July 15, 2013
Phytoplankton Join ‘Social Mixers’ In Ocean Turbulence
[Watch the video: Phytoplankton Social Mixers]
Lee Rannals for redOrbit.com - Your Universe Online
Researchers wrote in the journal Nature Communications that the individual vortices that make up ocean turbulence are like social mixers for phytoplankton. This social mixer brings similar cells into close proximity, helping to enhance sexual reproduction and other ecologically desirable activities.
Scientists previously believed that phytoplankton were passive drifters, unable to defy even the weakest currents orto travel of their own accord. However, researchers have now shown that many species can actually swim, and do so to optimize light exposure and to avoid predators. The latest study found that when these micro-plants are caught in an ocean vortex, they form highly concentrated patches at the center of the swirl. This process continues to repeat itself, allowing phytoplankton to move from social mixer to social mixer.
"Based on our intuition of turbulence and turbulent mixing, we expected homogeneity to reign," says Roman Stocker, an associate professor of civil and environmental engineering at MIT who led the study. "Instead, the phytoplankton surprised us by forming highly concentrated clusters of cells - it's turbulent un-mixing. For the phytoplankton, this is a vehicle to effectively find cells of the same species without any sensory information on each other's location or the need to invest in costly means of chemical communication."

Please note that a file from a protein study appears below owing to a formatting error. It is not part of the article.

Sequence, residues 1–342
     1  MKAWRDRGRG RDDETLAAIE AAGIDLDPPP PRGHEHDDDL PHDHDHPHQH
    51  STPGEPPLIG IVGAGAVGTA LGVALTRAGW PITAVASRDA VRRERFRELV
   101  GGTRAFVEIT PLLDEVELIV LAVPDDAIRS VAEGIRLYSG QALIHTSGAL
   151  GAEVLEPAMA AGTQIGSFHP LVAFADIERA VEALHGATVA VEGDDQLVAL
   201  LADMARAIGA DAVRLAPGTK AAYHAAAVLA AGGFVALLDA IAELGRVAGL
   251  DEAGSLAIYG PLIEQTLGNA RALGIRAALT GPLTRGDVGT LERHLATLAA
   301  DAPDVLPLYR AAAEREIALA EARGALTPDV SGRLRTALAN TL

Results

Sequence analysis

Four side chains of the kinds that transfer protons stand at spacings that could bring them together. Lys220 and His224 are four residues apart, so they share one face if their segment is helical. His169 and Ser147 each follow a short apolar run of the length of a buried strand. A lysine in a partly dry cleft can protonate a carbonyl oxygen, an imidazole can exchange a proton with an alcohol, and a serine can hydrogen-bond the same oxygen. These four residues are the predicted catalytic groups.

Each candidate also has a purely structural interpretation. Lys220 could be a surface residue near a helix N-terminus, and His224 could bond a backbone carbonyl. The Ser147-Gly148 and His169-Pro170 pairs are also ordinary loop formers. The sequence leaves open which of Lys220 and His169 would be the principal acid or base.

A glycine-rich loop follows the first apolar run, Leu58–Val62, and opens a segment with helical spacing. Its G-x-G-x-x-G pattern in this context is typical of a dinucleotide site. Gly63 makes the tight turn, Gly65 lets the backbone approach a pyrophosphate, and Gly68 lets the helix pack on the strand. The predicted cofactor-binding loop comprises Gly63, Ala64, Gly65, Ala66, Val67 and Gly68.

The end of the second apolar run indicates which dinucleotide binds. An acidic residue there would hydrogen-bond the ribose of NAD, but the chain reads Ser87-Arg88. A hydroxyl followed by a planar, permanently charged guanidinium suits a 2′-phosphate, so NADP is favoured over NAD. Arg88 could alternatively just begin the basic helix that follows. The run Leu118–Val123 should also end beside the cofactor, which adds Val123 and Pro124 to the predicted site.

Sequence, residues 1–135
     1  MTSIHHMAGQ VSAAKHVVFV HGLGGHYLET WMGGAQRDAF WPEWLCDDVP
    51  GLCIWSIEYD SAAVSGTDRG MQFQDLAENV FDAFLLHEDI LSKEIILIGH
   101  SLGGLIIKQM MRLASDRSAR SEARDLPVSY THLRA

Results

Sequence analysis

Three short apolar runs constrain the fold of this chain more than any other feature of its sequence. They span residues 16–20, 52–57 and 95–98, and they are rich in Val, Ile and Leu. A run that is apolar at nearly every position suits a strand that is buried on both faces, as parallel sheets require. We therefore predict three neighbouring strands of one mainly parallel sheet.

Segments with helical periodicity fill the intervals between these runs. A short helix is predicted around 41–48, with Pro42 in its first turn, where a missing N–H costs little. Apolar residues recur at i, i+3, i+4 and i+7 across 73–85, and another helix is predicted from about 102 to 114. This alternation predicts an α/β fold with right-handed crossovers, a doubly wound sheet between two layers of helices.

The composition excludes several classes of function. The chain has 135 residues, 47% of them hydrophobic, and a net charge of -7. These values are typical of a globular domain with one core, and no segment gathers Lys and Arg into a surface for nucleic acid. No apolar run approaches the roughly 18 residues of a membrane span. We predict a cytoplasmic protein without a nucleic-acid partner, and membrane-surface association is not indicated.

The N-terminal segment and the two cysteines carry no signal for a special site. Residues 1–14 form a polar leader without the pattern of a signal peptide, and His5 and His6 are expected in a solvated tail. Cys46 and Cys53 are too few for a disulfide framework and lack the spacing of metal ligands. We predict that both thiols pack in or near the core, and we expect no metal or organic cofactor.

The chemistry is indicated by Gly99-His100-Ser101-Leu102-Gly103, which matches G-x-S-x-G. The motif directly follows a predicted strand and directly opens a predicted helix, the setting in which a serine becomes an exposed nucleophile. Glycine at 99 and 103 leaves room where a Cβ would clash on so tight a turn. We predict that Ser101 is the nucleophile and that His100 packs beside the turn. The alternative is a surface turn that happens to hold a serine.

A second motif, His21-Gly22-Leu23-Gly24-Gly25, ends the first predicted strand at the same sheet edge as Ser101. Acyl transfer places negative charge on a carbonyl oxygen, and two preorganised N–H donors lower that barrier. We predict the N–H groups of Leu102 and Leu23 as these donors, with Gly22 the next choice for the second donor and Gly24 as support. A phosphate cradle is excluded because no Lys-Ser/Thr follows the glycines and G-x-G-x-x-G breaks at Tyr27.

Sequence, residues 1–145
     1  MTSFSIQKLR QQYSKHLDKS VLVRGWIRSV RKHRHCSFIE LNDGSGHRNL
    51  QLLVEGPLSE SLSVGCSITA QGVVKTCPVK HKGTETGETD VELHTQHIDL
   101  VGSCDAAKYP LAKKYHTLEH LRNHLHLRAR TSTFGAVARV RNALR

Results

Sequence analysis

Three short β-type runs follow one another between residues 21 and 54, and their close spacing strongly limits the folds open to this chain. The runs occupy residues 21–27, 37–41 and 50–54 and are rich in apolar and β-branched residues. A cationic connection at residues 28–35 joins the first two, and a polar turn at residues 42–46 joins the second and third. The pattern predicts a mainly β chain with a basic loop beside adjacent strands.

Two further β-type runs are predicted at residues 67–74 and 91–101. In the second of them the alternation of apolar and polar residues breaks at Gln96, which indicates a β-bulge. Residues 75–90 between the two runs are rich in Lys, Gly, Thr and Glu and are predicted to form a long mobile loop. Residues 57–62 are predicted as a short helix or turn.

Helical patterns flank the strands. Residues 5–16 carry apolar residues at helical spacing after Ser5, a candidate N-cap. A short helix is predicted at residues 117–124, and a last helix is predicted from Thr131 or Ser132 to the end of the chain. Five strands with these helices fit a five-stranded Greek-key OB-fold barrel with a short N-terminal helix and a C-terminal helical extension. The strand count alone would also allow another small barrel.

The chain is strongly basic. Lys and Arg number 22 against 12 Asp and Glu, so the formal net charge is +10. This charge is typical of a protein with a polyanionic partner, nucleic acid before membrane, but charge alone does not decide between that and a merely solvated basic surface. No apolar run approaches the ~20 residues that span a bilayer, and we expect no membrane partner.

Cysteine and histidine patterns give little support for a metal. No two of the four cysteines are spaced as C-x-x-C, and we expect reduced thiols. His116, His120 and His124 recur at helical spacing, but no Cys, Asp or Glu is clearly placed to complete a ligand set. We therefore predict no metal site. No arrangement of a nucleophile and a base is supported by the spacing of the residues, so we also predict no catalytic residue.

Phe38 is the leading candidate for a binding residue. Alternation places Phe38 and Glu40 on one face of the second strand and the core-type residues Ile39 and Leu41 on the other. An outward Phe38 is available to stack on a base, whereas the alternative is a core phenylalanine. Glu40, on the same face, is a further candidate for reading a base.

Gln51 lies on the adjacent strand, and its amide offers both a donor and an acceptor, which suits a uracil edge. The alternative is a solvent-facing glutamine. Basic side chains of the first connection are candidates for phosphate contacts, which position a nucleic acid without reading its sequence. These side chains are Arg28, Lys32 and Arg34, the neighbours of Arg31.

These highly concentrated patches can also have a downside since phytoplankton form the base of the ocean food chain and proximity makes them easy prey.
"While patchiness increases the chance of a fatal encounter with a predator, it also increases the chance of finding other phytoplankton cells, which is needed to form resilient cysts that can survive harsh winter conditions," says William Durham, the paper's first author and a lecturer at Oxford University who began working on this study as a doctoral student at MIT.
"This mechanism suggests phytoplankton might tune their motility to have the best of both worlds, minimizing patchiness when there are a lot of predators around while maximizing patchiness when the time is ripe for cyst formation."
The researchers team first performed experiments using phytoplankton in the lab, then extended their observations to a turbulent ocean using high-resolution simulations. They used a transparent box shaped like the letter H with seawater flowing upward through the vertical bars to create two inner-directed vortices within the horizontal bar. When the team added a red-tide-forming species of phytoplankton known as Heterosigma akashiwo to the mix, they formed dense patches at the centers of the swirls.
The team found that patchiness increased more than tenfold when phyotoplankton swam. This research led to the conclusion that the microorganisms might have evolved to develop the ability to actively adjust their swimming speeds to modulate interactions with others of the same species.
"Life is turbulent in the vast expanses of the ocean - and it's fascinating to learn how some of the most important organisms on our planet fare and behave in their daily turbulent lives," Stocker concluded.